This will be a blog of randomness: random musings about Malaysia.
1. Highway Rest Stops – Malaysia knows how to do highway rest stops. As anyone who has young children know, when driving they give you max 5 minutes of warning about needing a toilet break. Somehow while driving on the highway here, we are always within 5 minutes of a rest stop. And they are relatively nice rest stops with some squat toilets, maybe even a KFC or Baskin Robbins, a prayer area and petrol station – they have yet to let me down. If only they applied the same principle in malls or other public areas like waterparks, where there is one bathroom for the whole place. I find it particularly bizarre that large restaurants in malls do not have their own bathrooms and you have to go trooping through the mall mid-meal for a toilet. This weekend we were enjoying some American style food at the Chili’s chain in Penang and had to take quite the jaunt mid-meal to find a toilet….hmmm.
2. Highways – while we are on highways, Malaysia has a very efficient and modern highway infrastructure. The catch is that you pay for it through tolls, which by Malaysian standards aren’t cheap. A trip to KL (2 hours) costs about $9 CDN. Yes, this does not compare to the excessive 407 charges, but where a meal can be had for just over a buck….its not cheap. But we must remember that since petrol is not taxed (and at the lovely rate of 0.65/L (Cdn)), this is how the government collects for roads. They do have a very modern system of collecting the tolls with transponders or cards that you load at gas stations and swipe – very efficient. While we are on the topic of driving, once a year you pay road tax on your vehicle. In the four months we have been in Malaysia we have been stopped at least 4 times at police checkpoints to make sure our sticker is up to date. This has particularly irked us because at least a few of those times were during long weekends causing massive traffic jams. Moral of the story….pay your road tax!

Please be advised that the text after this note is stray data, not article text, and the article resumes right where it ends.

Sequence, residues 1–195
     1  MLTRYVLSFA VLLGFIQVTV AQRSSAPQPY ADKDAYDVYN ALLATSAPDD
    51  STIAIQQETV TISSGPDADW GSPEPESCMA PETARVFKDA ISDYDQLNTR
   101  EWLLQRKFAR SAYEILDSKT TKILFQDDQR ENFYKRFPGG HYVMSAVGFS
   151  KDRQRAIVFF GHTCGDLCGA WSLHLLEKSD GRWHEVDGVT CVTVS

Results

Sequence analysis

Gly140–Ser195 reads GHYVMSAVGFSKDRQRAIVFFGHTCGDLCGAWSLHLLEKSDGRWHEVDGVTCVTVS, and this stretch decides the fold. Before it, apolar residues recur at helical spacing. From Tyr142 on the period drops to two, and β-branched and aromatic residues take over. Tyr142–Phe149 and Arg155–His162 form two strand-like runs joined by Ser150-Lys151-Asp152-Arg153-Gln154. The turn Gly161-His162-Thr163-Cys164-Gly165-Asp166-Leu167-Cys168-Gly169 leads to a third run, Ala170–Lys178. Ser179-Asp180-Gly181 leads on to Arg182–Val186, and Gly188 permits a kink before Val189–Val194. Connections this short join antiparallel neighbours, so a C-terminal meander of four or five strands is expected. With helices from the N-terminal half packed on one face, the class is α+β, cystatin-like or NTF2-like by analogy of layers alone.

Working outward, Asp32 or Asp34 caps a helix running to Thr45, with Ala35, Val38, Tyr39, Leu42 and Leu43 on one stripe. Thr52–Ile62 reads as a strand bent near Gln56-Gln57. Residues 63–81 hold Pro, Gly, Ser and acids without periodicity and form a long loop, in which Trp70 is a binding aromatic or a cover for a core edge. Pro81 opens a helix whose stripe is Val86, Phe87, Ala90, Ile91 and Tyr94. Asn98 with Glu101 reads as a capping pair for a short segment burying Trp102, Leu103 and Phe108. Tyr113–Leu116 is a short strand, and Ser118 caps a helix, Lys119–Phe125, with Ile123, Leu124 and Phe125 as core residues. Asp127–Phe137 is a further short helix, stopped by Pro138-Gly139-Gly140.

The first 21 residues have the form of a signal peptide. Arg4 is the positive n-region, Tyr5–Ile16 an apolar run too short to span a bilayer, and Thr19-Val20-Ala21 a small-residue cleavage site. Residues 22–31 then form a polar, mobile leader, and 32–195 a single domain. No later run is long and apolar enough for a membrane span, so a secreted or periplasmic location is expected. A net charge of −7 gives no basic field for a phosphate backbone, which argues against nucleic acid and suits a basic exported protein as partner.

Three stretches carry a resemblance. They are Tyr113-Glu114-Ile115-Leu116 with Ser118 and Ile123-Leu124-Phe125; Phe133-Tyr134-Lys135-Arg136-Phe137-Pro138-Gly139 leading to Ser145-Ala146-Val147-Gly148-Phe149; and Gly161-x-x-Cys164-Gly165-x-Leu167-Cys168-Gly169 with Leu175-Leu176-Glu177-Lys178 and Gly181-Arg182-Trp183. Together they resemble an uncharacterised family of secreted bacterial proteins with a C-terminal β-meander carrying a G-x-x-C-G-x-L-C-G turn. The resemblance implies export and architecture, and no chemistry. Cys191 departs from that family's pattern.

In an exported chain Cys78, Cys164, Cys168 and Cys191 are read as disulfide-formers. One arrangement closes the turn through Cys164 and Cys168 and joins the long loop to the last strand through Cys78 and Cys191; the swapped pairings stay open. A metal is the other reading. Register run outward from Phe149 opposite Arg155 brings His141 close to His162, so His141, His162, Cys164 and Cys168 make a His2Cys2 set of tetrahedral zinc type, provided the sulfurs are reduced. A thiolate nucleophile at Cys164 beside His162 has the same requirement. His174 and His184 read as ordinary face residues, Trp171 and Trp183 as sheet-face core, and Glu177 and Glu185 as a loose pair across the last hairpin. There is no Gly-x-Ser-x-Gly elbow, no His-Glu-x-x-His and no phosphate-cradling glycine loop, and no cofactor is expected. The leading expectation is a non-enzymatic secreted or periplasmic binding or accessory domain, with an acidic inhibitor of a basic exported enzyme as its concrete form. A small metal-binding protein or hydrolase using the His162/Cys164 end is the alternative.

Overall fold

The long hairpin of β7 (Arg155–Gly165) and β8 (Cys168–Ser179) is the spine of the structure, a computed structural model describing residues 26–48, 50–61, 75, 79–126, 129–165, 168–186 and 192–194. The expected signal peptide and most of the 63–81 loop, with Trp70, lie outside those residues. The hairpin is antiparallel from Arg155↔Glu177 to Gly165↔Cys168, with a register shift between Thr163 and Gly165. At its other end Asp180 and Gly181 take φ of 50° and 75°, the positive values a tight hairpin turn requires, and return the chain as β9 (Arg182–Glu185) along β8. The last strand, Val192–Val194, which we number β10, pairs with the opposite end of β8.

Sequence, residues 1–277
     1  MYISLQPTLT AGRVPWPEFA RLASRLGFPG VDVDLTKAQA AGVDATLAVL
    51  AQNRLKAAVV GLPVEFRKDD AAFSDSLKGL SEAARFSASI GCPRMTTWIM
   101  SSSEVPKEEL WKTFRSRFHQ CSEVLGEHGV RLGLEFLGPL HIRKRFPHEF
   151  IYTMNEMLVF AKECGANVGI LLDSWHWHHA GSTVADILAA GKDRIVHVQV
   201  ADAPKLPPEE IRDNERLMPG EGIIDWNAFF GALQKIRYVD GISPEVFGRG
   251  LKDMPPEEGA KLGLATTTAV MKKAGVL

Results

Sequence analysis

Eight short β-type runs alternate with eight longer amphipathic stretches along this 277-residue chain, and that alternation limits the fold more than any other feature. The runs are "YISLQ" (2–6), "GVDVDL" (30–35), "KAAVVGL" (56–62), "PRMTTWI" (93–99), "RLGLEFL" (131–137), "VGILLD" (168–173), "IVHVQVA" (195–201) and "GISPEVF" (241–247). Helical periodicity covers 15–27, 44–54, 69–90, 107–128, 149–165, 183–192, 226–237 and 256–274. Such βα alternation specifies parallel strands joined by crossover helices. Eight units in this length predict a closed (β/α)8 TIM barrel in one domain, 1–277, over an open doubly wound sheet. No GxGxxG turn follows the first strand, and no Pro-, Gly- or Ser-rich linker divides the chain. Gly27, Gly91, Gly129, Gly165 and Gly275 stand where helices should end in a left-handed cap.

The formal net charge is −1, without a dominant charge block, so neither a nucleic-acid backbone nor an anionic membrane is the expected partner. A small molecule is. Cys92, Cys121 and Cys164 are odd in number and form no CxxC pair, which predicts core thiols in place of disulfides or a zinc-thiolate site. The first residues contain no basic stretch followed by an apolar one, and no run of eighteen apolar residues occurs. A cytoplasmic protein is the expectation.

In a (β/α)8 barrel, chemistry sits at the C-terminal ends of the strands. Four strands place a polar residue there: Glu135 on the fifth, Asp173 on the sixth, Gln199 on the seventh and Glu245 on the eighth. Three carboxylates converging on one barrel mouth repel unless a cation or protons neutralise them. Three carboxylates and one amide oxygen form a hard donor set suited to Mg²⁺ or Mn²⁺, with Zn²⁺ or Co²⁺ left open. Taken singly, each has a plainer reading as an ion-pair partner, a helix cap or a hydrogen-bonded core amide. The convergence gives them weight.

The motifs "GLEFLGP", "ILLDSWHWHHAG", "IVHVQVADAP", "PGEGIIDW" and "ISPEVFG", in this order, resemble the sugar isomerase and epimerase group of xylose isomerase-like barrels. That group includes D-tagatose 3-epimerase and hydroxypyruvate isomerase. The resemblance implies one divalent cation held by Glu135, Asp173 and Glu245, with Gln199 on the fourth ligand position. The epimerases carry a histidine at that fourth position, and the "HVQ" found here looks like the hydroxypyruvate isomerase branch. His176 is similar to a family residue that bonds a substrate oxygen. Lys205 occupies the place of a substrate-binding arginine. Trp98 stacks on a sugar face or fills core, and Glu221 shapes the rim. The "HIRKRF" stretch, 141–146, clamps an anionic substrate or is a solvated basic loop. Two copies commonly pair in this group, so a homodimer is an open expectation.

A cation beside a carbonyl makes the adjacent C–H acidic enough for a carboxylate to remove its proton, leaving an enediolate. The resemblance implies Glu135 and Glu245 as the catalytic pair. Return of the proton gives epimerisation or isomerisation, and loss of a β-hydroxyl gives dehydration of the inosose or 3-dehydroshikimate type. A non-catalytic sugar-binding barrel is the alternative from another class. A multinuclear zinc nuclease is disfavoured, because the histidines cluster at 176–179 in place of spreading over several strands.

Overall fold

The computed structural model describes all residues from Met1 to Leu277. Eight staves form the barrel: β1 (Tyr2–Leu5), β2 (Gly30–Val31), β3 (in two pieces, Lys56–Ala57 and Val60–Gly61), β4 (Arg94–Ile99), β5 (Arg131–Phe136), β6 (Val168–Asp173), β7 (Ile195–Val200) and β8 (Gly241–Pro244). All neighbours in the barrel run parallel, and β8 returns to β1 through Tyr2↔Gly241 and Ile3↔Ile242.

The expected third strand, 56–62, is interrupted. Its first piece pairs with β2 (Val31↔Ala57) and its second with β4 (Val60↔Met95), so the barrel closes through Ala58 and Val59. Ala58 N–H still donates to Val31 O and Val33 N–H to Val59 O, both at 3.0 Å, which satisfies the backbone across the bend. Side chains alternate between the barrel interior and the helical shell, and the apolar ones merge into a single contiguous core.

3. Malaysians love kids – yes, it is human nature to love children but Malaysians seriously love kids. When we return to Canada, our poor kids will be walking down the street and wonder why they no longer garner so much attention (eg. ladies/men will stop what they are doing to come give Gavin or Ella a tap on the head or squeeze on the cheek). It is bliss when dining at a restaurant because you can always count on having a few attentive waiters or waitresses (they notoriously overstaff everywhere here because labour is so cheap) to entertain the kids while we eat.
4. Cheap medical care – my last blog focused on the negative aspects of finding a suitable birthing facility here. However, I have found the medical care in Ipoh to be excellent and extremely cheap. You visit doctors (called “consultants”) at the private hospital where they have clinics for each specialty. Prices vary from about $12-25/visit (Cdn), with our pediatrician charging the rock bottom price of $12/visit. These low prices surprise me considering most of the doctors that work at the hospital we go to were trained internationally and drive very expensive cars. But it must be a volume business. It still feels weird to me to hand over cash after seeing a doctor, even if it is so little. Makes me appreciate Canada!